Funded by the Australian Research Council Linkage Program, the NSW Government, the John T Reid Foundation and private philanthropists.
Crayweed (Phyllospora comosa) is a golden seaweed that forms extensive underwater forests and promotes biodiversity by providing habitat, food and shelter for hundreds of species, including crayfish and abalone. Crayweed became extinct from Sydney’s coastline in the 1980s and its disappearance has been linked to past water pollution. Although water quality was greatly improved since then, this species has not returned. We have developed a successful method of restoring crayweed onto ‘deforested’ reefs. We attach reproductive adult individuals to temporary underwater mats. The crayweed adults then reproduce and their ‘cray-bies’ attach to the reef and form the basis of a new, self-sustaining population.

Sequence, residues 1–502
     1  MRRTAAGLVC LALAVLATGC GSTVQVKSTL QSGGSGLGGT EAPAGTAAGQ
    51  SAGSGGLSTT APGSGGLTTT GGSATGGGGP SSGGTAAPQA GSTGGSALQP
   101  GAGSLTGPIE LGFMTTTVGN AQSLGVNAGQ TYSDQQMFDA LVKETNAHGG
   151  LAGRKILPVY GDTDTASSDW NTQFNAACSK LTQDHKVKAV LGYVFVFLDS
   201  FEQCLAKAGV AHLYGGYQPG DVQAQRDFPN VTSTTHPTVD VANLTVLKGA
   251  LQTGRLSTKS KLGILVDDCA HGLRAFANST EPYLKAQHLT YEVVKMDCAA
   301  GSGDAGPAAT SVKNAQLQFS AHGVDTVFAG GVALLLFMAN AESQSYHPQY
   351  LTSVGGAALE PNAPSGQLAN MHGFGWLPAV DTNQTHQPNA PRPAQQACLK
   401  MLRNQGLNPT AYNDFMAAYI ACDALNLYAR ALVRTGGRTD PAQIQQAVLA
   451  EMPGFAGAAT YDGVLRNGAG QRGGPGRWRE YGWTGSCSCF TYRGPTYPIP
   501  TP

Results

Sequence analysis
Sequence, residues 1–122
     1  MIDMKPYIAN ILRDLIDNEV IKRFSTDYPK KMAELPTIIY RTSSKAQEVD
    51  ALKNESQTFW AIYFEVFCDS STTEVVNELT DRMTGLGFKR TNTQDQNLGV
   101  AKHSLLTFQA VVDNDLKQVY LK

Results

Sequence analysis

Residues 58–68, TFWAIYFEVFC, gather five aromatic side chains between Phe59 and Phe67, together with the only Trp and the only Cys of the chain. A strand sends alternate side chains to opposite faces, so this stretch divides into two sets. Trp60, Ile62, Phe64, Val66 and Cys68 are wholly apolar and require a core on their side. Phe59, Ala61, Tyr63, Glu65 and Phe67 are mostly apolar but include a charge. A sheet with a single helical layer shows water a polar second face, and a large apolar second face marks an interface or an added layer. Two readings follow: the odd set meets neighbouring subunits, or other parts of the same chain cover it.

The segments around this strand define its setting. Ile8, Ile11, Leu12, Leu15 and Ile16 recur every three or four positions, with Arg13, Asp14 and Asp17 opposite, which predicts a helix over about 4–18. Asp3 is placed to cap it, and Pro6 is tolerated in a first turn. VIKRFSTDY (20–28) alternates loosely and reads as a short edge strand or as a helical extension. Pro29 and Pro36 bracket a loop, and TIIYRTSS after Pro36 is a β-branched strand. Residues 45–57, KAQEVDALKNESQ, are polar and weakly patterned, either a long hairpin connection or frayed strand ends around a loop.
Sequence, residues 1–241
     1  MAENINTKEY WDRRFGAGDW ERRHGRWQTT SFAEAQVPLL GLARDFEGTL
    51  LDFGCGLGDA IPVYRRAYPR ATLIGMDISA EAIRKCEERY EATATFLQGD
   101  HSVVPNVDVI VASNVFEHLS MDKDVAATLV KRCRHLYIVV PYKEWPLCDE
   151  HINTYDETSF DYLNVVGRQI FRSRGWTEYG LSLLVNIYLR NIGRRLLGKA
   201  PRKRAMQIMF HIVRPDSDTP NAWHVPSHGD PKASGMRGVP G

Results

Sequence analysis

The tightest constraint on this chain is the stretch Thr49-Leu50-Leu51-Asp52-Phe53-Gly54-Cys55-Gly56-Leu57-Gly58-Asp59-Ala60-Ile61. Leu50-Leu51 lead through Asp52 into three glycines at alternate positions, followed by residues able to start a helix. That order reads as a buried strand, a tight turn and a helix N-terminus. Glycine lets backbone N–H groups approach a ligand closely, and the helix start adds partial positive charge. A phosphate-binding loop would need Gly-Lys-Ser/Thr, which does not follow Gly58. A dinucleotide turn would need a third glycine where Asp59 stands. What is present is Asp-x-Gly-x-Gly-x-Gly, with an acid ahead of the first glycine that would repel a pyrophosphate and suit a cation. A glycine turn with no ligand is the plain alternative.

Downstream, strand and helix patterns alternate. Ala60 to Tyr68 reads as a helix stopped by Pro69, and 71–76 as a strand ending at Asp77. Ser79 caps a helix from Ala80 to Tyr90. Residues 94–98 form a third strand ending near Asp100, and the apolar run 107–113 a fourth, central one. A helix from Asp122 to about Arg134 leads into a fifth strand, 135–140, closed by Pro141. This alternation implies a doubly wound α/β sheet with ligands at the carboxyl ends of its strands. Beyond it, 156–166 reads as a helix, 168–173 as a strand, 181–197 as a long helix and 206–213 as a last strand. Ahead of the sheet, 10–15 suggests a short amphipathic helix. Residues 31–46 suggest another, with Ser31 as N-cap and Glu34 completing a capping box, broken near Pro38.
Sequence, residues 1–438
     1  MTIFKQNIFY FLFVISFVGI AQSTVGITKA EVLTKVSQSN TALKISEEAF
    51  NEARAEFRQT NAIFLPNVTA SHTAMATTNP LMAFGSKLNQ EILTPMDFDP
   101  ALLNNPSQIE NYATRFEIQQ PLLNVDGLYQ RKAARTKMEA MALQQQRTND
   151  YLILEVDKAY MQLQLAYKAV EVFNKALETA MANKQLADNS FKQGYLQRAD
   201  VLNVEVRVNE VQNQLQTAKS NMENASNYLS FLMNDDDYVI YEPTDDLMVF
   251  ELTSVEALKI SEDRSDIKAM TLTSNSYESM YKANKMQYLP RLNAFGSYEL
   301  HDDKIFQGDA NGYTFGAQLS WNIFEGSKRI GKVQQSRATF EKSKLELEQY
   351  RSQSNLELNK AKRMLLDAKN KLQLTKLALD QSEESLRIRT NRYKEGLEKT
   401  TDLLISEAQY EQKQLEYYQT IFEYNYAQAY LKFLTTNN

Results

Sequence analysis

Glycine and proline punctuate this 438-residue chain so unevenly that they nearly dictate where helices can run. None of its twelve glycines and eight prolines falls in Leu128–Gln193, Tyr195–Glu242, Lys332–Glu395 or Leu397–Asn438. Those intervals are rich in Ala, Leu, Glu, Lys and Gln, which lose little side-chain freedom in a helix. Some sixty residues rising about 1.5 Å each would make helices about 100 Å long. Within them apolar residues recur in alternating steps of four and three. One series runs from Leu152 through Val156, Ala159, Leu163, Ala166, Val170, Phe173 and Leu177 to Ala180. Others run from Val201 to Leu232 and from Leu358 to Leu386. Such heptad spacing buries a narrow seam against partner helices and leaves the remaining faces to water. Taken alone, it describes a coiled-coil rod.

This research project integrates experimental ecology, population genetics, ecoengineering and restoration ecology to establish protocols for the restoration of this key habitat-forming seaweed and the ecosystem it supports.
Clothing fibre in our ecosystems has increased by over 450% in 60 years. Discover how this project is working to reduce fibre pollution.
We examine how recreational dive photographs can be used to accurately describe the species composition of dive sites.
This project investigates the barriers to recovering functionally extinct Sydney Rock Oyster reefs on Australia's east coast.